Pre-Med Q&ACategory: Scheduling and ClassesTaking Academic Credit for Independent research
AvatarVenkata Sai Suraj Chengalvala asked 11 months ago

I’m curious to know how many semesters can I take credit for my research work. “Participate in reserach projects on campus or away from Brown, enroll in a summer intensive reserch program, aim to write a thesis and take a semester or two of independent study for academic credit (more than two is not advisable)” (https://www.brown.edu/academics/college/advising/health-careers/faqs).

1 Answers
AvatarAnni answered 11 months ago

Hi Venkata! While I’m not familiar with the Brown undergraduate research policies, I would definitely suggest meeting with an advisor within your major or potential major’s department, since different majors have different requirements/allowances for research for credit. Asking someone in your department is also more helpful in evaluating research opportunities outside of a standard school year lab experience. At the University of Michigan, the maximum amount of research credits is usually listed in the major requirements, so I would also check your major’s checklist. In my experience from two different colleges I attended/attend, two semesters of research is the maximum amount that can count towards a major’s lab requirement/upper level electives. Here are some links to common pre-med U of M majors and what the departments say about research:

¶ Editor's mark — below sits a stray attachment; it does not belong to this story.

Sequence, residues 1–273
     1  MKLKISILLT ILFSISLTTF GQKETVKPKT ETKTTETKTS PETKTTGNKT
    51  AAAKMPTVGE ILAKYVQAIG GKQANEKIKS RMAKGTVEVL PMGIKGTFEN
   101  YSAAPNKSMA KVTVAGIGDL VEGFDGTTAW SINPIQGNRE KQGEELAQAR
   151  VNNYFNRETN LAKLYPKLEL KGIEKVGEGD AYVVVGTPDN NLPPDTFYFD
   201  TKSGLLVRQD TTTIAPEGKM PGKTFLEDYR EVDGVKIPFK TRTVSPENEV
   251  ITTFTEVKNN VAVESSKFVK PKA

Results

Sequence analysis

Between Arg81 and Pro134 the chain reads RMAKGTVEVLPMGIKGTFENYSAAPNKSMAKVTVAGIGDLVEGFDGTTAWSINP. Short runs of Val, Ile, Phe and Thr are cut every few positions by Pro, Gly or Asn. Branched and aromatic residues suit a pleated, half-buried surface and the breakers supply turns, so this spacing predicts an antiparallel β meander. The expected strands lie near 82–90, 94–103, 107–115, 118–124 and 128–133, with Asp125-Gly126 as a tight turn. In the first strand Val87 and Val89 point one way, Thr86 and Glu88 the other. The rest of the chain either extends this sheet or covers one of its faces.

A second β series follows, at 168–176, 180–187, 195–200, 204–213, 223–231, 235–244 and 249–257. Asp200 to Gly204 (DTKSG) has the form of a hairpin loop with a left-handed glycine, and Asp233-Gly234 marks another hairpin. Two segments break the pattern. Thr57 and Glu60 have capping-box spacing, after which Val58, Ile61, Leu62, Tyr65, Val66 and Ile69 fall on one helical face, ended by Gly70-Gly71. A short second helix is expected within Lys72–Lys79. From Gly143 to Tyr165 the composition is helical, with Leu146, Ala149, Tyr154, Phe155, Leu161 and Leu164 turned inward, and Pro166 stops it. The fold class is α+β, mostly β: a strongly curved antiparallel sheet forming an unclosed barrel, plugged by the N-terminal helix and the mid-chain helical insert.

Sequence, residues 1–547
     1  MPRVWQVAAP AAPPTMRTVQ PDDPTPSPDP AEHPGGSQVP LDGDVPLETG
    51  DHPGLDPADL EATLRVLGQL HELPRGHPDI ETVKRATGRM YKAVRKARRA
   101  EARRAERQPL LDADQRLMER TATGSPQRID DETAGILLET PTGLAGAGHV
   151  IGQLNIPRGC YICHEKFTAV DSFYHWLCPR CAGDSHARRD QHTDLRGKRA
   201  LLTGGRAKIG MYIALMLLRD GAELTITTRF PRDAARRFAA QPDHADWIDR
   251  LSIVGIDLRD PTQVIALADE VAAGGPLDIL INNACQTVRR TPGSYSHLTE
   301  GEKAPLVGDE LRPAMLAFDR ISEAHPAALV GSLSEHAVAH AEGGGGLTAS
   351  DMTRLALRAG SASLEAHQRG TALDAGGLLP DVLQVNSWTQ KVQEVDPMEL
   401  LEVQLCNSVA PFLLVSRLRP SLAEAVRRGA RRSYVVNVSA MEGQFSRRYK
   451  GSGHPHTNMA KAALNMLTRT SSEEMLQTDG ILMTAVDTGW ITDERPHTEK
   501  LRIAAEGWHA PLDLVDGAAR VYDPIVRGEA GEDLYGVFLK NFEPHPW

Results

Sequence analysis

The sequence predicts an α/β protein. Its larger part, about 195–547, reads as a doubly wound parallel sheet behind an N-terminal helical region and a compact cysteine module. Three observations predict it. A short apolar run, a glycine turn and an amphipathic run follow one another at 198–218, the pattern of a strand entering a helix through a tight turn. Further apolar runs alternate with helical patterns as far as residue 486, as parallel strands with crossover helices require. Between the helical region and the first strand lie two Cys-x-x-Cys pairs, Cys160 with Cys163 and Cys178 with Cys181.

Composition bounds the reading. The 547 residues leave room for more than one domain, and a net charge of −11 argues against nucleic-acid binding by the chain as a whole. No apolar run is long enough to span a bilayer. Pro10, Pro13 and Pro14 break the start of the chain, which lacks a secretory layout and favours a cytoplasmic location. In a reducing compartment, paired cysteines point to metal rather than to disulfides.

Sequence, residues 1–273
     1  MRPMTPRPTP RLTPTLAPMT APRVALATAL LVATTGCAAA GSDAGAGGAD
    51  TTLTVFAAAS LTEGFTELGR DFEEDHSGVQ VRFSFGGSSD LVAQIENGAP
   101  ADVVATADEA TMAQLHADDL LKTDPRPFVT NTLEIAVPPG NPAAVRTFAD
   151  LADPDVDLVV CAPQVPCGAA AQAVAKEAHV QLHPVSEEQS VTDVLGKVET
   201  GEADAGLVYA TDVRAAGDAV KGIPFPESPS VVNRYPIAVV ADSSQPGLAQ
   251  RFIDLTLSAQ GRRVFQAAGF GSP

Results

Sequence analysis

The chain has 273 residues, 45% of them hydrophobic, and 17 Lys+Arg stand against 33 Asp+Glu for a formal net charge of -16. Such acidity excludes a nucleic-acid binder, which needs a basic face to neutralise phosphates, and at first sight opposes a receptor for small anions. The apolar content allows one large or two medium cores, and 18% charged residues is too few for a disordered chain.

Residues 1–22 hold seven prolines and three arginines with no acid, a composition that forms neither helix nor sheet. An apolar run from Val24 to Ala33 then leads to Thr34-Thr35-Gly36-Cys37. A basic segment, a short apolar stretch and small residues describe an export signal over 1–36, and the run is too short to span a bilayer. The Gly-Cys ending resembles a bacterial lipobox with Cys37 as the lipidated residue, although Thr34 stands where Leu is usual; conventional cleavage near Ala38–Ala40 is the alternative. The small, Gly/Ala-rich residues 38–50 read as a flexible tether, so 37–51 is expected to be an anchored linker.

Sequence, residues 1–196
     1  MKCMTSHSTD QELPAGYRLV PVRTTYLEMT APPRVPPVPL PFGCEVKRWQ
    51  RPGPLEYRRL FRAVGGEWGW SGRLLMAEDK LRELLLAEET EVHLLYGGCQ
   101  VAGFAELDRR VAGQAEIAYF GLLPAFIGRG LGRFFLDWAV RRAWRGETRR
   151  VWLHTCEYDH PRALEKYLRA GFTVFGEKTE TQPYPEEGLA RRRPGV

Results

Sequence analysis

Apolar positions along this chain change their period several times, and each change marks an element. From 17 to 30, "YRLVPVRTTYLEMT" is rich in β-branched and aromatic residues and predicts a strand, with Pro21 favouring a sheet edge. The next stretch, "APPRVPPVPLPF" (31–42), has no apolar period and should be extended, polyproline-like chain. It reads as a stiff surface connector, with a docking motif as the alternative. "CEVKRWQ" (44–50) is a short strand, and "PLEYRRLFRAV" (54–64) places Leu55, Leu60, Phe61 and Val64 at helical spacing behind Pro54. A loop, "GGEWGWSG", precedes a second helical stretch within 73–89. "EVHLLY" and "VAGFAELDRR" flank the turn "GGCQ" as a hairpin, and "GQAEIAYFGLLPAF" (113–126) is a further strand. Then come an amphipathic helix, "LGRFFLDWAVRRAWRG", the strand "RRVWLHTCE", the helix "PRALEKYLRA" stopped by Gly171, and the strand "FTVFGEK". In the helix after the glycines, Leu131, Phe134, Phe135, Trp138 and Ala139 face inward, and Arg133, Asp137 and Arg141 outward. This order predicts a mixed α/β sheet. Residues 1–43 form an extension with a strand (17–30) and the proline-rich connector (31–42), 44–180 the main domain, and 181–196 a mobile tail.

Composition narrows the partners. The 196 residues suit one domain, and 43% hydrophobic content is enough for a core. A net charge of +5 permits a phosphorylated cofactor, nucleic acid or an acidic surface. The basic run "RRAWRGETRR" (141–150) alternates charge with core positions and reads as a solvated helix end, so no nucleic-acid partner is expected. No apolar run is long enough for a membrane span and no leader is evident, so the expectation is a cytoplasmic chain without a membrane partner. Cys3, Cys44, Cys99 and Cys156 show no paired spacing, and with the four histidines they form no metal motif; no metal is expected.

Neuroscience 
Biology
Chemistry
Physics
Pre Health Page
Regardless of what your major allows, I encourage you to participate in research as much as you can! It doesn’t have to be in a pre-med-esque department either. Research something you’re passionate about! The experience is much more attractive to health career schools if you can speak meaningfully about it in interviews. In the end, the purpose of research in undergrad is to demonstrate and apply what you learn in courses (helpful in displaying competency to health schools) and to deepen your understanding of the field. If you have the credits for it and are in a good place with other requirements, I find that it helps to take research for credit anyway, even if it doesn’t count, during the school year because then you have large, regular chunks of time built into your schedule—otherwise you might be scrambling to find time with a full class schedule and extracurriculars. Good luck with your research and the up coming school year!
 
 

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